Yes, there are three that hit homerun for me. The first one was a Net Promoter Score. That’s basically about how the perception of your company. Do they like your product? Do they like your services? Do you like their people? It’s on a 1 to 10 scale. If you get an 8 out of 10, that’s pretty good, but you always want to strive for the best. Some companies have terrible net performer scores because they don’t answer the phone and they don’t have good technology. Net Promoter Score is one.
The next one is a Blue Ocean Strategy, and I love that. Why go to the Red Oceans and fight where it’s so difficult? I will take my business. There are a lot of companies that do business process automation or digital transformation. There are a lot of companies that do that, and they do it very good. When I started P3iD, I said, “We are going to have a unique spin because we are going to focus on cybersecurity.” That’s our uniqueness. I went to Blue Ocean.
I know business process automation and information management, but as everything moves to the cloud, you need all these cybersecurity things. That’s where that big long list of encryption and multifactor authentication of blockchain, all these things, that’s why we put it in. Blue Ocean Strategy is my second one.
The one I finished was Venture Deals. That’s about business and raising money and the business side of stuff. Any entrepreneur, whether you are raising money or not, you always got to be thinking about that. Venture Deals is a book that’s written to real people. You love to talk to people and they talk from the VC’s and entrepreneur’s perspective, and you get good insights. Venture Deals is a good book to read too.
Here’s the other big question for you. What excites you about the future?
We have talked about it a lot, but I love ChatGPT. Part of my history was using natural language processing before it was a fad. Many years ago, I was selling NLP technology and it was called Natural Language Understanding, Natural Language Processing. I saw Alexa and Google Home. I think voice assist is here to stay. My wife talks to our Alexa machines and does grocery shopping all the time. I talk to my car and I’m starting to talk to my appliances like they were people. They are a person. I think voice is very exciting. I still think the blockchain, people are figuring it out. All the crypto stuff that’s going on, it’s given it a bad rap, but we don’t focus on that.
We focus on blockchain as a distributed ledger. The use cases and the applications around that are cool. One I mentioned was document authenticity in our business. You could forge an invoice and mortgage title. How can you prove that this is an authentic document? You could do that through blockchain. I’d like to take blockchain and make it a simple thing for people to understand and provide real value. I think voice, blockchain, and the cloud.
To summarize, the cloud is still in its infancy. I think it’s been confusing for a lot of people that everybody like a couple of years ago, was transitioning everything to the cloud. They found they were spending a lot of money in the cloud when it was supposed to save money, then they started bringing some workflows back. There will be a hybrid world and the cloud still is in the early innings. Marc Benioff from Salesforce famously said about the cloud, “We are in the early innings of the cloud,” and I still think we are there. We are not even scratching the surface of what can be done. To summarize, voice control, blockchain, and the cloud are three exciting things for me.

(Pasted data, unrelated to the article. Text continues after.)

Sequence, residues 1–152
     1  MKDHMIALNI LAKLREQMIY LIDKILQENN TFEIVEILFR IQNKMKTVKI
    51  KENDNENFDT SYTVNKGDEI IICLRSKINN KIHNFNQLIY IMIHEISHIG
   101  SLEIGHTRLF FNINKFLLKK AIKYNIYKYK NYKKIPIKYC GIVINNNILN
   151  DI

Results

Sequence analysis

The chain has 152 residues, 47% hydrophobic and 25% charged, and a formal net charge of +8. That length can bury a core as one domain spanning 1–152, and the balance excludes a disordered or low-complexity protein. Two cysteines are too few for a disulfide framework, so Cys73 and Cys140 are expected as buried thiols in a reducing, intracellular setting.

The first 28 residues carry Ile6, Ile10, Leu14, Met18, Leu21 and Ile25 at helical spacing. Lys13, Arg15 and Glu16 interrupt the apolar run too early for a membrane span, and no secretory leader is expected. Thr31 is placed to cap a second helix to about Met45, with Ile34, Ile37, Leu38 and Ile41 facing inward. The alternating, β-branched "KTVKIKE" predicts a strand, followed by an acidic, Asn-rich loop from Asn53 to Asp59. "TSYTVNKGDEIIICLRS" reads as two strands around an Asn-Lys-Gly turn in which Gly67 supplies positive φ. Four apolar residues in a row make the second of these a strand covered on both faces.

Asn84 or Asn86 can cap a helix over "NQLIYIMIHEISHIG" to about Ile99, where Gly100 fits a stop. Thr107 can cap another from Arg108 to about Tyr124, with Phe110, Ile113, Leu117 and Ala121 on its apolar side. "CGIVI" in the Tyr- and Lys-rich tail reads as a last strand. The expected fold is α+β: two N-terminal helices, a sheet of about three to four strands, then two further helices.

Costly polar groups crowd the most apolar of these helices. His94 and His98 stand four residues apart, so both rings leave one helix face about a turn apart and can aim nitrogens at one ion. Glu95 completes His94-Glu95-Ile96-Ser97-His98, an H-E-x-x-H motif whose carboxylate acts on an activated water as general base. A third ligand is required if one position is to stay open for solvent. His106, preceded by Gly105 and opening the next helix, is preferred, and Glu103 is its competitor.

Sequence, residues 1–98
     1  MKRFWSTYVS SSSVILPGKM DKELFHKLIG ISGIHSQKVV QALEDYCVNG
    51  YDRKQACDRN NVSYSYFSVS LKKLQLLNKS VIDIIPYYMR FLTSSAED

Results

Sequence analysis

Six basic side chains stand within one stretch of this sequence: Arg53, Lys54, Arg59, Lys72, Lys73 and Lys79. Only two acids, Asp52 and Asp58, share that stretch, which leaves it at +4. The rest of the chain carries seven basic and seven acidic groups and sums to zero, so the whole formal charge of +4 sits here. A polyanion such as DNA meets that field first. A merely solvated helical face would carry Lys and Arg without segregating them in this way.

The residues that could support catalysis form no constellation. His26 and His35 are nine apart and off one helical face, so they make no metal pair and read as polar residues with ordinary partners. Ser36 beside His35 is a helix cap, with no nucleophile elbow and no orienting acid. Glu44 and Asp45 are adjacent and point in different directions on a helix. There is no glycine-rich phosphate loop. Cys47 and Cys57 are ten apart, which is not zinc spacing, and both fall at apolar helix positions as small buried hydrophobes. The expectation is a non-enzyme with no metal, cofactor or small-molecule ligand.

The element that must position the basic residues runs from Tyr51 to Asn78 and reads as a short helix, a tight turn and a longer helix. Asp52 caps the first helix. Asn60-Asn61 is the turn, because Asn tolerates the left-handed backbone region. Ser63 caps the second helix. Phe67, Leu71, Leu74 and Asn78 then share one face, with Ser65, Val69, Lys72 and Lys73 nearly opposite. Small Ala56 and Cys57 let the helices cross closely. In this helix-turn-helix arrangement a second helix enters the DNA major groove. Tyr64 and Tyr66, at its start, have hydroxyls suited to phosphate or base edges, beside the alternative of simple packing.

Maybe we should change it from a cloud to a tide because it comes in and goes out. As the oceans rise, it keeps coming in further and further. A new analogy.
I think John is right. We used to call it hosting and now they call it cloud. Tide is next. Is there some other unique term that will evolve? I know some people that would essentially say, “My cloud is all the computers that I have hacked.” What’s changed and that’s always the challenge, and maybe there are technical people that are better at answering certain parts of that question. I don’t think it’s a single-person answer. You want to call them the subject matter experts. Networking will have a different answer than the subject matter experts in development. If you are writing code and you know how to make you go faster and easier. In a few years, ChatGPT will be writing my code for me. I heard somebody say once.
That’s one of the trends that I haven’t mentioned, but low-code, no code. Go to ChatGPT and say, “Write me a front-end application and no JS and make sure it’s compliant with AWS.” Hack and code together for you. Maybe it might not work, but with a little massaging, you have got 80% done. That’s applying all kinds of things that we have been talking about. The low-code, no-code, the cloud, and voice control chat altogether.
This merger, this confluence of these different megatrends, if people think through strategically and apply it, then it’s a great time. It’s not even a few years ago when there weren’t a lot of good web API cloud services. There weren’t API systems, there weren’t APIs developed, and there weren’t all these cool things coming around. We can create incredible applications. Early innings, it’s a great time.